I’ve recently recovered from a hacking, so to celebrate I thought I’d flag up an advert that has genuinely made me laugh out loud on two separate occasions this week – it’s this #iamtrain spot for the outfit formerly known as thetrainline.com – now rebranded as Trainline in an attempt to push people towards the app, rather than simple the website.
Before that, a caveat. I’m not especially fond of Trainline – the best of a bad bunch of websites that are clunky, confusing and rarely deliver on the kind of savings they shout about.
An example – if you want to travel one-way from Liverpool to Sunderland, as I have to regularly for work, you can’t get it for cheaper than about £70. Ever. If you go today, if you go next week, if you go next year you pay £70. Return? £85. Always. What’s that you say? Two singles might be cheaper? No, two singles are close to £150. Slower trains? No cheaper. Different routes? No cheaper. Oh, you can buy a single to York, the another from York. Then another back to York and another back to Liverpool and, yes, you might save a fiver. But then you’re committed to being on four different trains at specific times and and that point you might as well give up on life completely.
The last leg of this journey (usually taking 4-5 hours, despite its meagre distance of circa 170 miles) frequently leaves me standing on the godforsaken Thornaby platform. During one such windswept stopover here, deep in winter, I struck up a friendship with the only other fellow traveller. A mouse. Like a solitary-confinement prisoner driven mad by boredom and loneliness, I took some tiny solace that there was another living creature nearby and threw crumbs at it. Then the mouse left.
I was waiting for a benighted Pacer train – a train so depressing it’s what Thom Yorke would be, were the Radiohead singer a character in the Thomas The Tank Engine books. If Kylie Minogue had ever been on one of these trains she would never have sung The Locomotion, she would have written a concept album about entropy. During these journeys I am not train – I am expensive, cramped, uncomfortable, tardy cattle-truck. And whenever I travel by train this journey from Hell will cost me £70, regardless of whether I use Trainline or not.
So that’s the Trainline’s USP – that it’s cheaper, particularly if you book in advance – gone in a second. And that is, frankly, the only meaningful appeal of buying train tickets on the internet. If I want to collect them (rather than pay to have them delivered) there is one station in Liverpool that currently dispenses tickets bought online. And it’s not the station I use. And there’s a booking fee to buy tickets online. Fundamentally, using The Trainline is more expensive and less convenient to me than rocking up at the station on the day and slapping a load of cash down.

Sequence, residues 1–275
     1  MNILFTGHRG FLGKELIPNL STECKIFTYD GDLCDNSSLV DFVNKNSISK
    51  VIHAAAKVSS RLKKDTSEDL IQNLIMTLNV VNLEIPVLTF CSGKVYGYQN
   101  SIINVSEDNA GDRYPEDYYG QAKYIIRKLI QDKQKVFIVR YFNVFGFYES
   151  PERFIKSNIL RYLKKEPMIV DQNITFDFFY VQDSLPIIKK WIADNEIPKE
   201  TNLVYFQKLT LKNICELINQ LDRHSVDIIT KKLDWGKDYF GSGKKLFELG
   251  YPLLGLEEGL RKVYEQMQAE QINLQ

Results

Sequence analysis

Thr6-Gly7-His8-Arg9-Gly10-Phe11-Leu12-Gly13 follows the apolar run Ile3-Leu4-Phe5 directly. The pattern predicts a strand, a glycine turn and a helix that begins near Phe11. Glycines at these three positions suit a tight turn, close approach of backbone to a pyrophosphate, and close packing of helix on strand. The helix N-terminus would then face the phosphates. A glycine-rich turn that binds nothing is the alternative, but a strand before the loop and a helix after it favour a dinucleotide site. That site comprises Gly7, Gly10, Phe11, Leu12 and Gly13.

I could go on about the insanity of our privately-owned, publicly-subsidised, fragmented, cramped, slow, unjoined-up, shagged-out rail service but what would be the point? Even Tories agree the trains should be renationalised – sadly a tiny elite of evil warlocks have decided that such a thing is Beyond The Pale so everyone has to abide by the same lunatic failed system. No, I’ll restrict myself to a brief discussion of the joys of this advert instead.
It’s a nice idea – but sending up overblown spots isn’t exactly novel. What’s so good here is the execution. The narration is barely more ludicrous than the sort of slack-jawed eulogising frequently heard in spots for travel and leisure but it’s got a keen eye behind it. It doesn’t feature that deliberately overblown impression of Patrick Allen that infects virtually any It’s-Ironic voiceover in the last two decades (such as the Skeletor adverts).
The notion of a man whose superpower is essentially to use public services efficiently may be innately funny, but the turns of phrase are lovely: “I have a little banana in my bag” (and the little rise in intonation that accompanies it) perfectly catches the everyday, little-victory drudgery of a British commute.
And the idea this man is so incredibly excited at the prospect of his journey that he might belt out a rough approximation of the warning blast of an approaching train – to the general diffidence of his fellow commuters – similarly delightful.
That this passes off with barely a flicker of interest and with a slow zoom onto his face – raised in triumphant expectation, open-mouthed and quivering slightly with the unalloyed joy of it all; thrilled at the mere arrival of a train – has genuinely made my day.
If only all adverts could be this good. And if only British rail travel in the 20th Century – and the UX of Trainline’s website – matched it.